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5 cops to celebrate during Black History Month

These five law enforcement officers paved the way and continue to inspire


Georgia Ann Robinson was the first Black female police officer to work for the Los Angeles Police Department and may have been the first Black female LEO in the country.

Photo/Public Domain

By Police1 Staff

The defining characteristic of a police officer is dedication. No matter what obstacles stand in their way, cops rise to the challenge for the privilege and honor of wearing the blue. In recognition of Black History Month, we’ve gathered five inspirational examples of African American LEOs who paved the way during a difficult era for law enforcement and Black Americans. These stories of unwavering dedication to policing serve as strong examples all LEOs can aspire to.

1. Bass Reeves


As a former slave, Bass Reeves was illiterate, but that did not get in the way of his outstanding work as a law enforcement officer.

Photo/Public Domain

Bass Reeves joined the ranks of law enforcement in pre-statehood Oklahoma after he became a free man following the Emancipation Proclamation. He was hired as one of 200 deputy U.S. marshals to track down fugitives hiding in Indian Territory, becoming the first deputy U.S. marshal appointed west of the Mississippi river.

The 6’2”, 180-pound lawman quickly made a name for himself as an expert in firearms and detective work who could track down outlaws that seemed to consistently elude his fellow marshals. The most feared cop to patrol the territory, “The Indomitable Marshal” survived multiple gunfights and assassination attempts. As a former slave, Reeves was illiterate, but that did not get in the way of his outstanding work as a law enforcement officer. Reeves would memorize his warrants and writs, and reportedly never arrested the wrong person in his 32 years as a deputy U.S. marshal. Some say the character of the Lone Ranger was inspired by Reeves’ life.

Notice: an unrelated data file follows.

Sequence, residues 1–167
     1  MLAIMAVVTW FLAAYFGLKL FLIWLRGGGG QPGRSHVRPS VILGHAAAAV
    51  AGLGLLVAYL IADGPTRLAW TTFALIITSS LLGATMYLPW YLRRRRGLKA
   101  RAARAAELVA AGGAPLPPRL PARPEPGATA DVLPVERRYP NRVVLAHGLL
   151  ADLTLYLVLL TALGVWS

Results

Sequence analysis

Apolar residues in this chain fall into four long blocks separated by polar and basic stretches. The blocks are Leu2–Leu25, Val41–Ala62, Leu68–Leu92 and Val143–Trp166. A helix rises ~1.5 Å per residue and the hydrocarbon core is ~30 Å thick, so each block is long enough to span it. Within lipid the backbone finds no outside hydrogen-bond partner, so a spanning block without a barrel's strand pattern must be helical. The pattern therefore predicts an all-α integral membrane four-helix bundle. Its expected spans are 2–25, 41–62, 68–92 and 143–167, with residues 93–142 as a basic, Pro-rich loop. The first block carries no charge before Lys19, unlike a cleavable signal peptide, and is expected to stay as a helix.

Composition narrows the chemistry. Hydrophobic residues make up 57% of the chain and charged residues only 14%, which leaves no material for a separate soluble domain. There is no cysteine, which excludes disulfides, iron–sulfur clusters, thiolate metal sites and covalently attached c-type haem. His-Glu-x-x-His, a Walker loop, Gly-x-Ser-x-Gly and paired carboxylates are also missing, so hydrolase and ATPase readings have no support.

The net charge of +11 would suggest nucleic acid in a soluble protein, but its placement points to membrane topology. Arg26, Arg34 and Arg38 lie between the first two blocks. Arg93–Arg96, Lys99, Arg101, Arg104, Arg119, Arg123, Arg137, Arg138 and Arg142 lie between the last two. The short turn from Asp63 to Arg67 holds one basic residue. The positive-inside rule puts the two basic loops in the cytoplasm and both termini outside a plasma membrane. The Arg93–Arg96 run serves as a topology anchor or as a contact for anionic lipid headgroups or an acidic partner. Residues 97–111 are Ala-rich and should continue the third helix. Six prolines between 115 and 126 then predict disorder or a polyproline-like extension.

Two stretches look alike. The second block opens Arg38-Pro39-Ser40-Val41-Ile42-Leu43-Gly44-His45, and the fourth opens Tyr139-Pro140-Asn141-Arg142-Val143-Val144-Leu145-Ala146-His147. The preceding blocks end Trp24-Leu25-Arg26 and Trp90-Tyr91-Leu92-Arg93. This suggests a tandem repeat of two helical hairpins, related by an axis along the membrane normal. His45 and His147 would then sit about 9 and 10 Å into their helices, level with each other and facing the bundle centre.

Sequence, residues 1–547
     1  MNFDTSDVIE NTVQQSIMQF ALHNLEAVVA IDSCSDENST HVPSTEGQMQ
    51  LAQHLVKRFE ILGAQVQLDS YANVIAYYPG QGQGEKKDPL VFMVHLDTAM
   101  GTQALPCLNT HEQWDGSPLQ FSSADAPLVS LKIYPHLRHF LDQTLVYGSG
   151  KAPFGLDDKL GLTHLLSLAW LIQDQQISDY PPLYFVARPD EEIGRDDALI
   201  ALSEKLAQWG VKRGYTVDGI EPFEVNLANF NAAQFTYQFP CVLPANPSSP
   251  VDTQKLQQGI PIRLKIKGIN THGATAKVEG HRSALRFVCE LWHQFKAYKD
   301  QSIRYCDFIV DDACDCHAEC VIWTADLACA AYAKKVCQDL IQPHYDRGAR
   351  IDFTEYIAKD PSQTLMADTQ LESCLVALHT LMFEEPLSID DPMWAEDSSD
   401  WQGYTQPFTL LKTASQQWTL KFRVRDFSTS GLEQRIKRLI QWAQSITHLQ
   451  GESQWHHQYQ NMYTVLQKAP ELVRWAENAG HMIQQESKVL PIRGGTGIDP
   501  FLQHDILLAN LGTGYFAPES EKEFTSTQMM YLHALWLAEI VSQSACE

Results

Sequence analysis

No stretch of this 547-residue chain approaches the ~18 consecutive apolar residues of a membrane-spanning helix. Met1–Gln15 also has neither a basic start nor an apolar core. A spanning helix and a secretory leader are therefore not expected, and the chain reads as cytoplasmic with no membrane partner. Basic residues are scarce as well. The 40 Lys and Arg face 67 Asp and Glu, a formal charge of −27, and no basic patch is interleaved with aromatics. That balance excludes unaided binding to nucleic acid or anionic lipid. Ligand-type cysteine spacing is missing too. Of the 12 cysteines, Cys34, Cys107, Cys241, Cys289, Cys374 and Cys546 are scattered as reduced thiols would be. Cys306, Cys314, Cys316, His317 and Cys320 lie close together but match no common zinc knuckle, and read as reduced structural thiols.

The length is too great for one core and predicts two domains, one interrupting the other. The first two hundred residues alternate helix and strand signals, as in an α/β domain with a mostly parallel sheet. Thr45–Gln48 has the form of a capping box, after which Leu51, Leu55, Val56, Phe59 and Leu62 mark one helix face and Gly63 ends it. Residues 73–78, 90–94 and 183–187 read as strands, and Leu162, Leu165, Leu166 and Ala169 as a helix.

2. Georgia Ann Robinson


Georgia Ann Robinson spent much of her life helping the community.

Photo/Public Domain

Georgia Ann Robinson was the first Black female police officer to work for the Los Angeles Police Department and may have been the first Black female LEO in the country. A recruiter reached out to her in 1916 based on her work for community organizations throughout the city and her obvious passion to help her fellow citizens. Robinson started out as a volunteer before becoming a full-fledged officer when she was hired as a jail matron in 1919. She also worked as an investigator in juvenile and homicide cases and set up a much-needed women’s shelter in the city during her time as a cop.

When her career was cut short after she was blinded by a jail inmate, Robison continued to work with the community through the women’s shelter and by teaming up with the NAACP in the fight to desegregate the LA school system. In 1954, when a journalist asked her about her LE career and the incident that ultimately blinded her, she said she had “no regrets.”

“I didn’t need my eyes any longer. I had seen all there was to see,” Robinson said.

3. James Wormley Jones


Jones made history after filling out this application to become a special agent.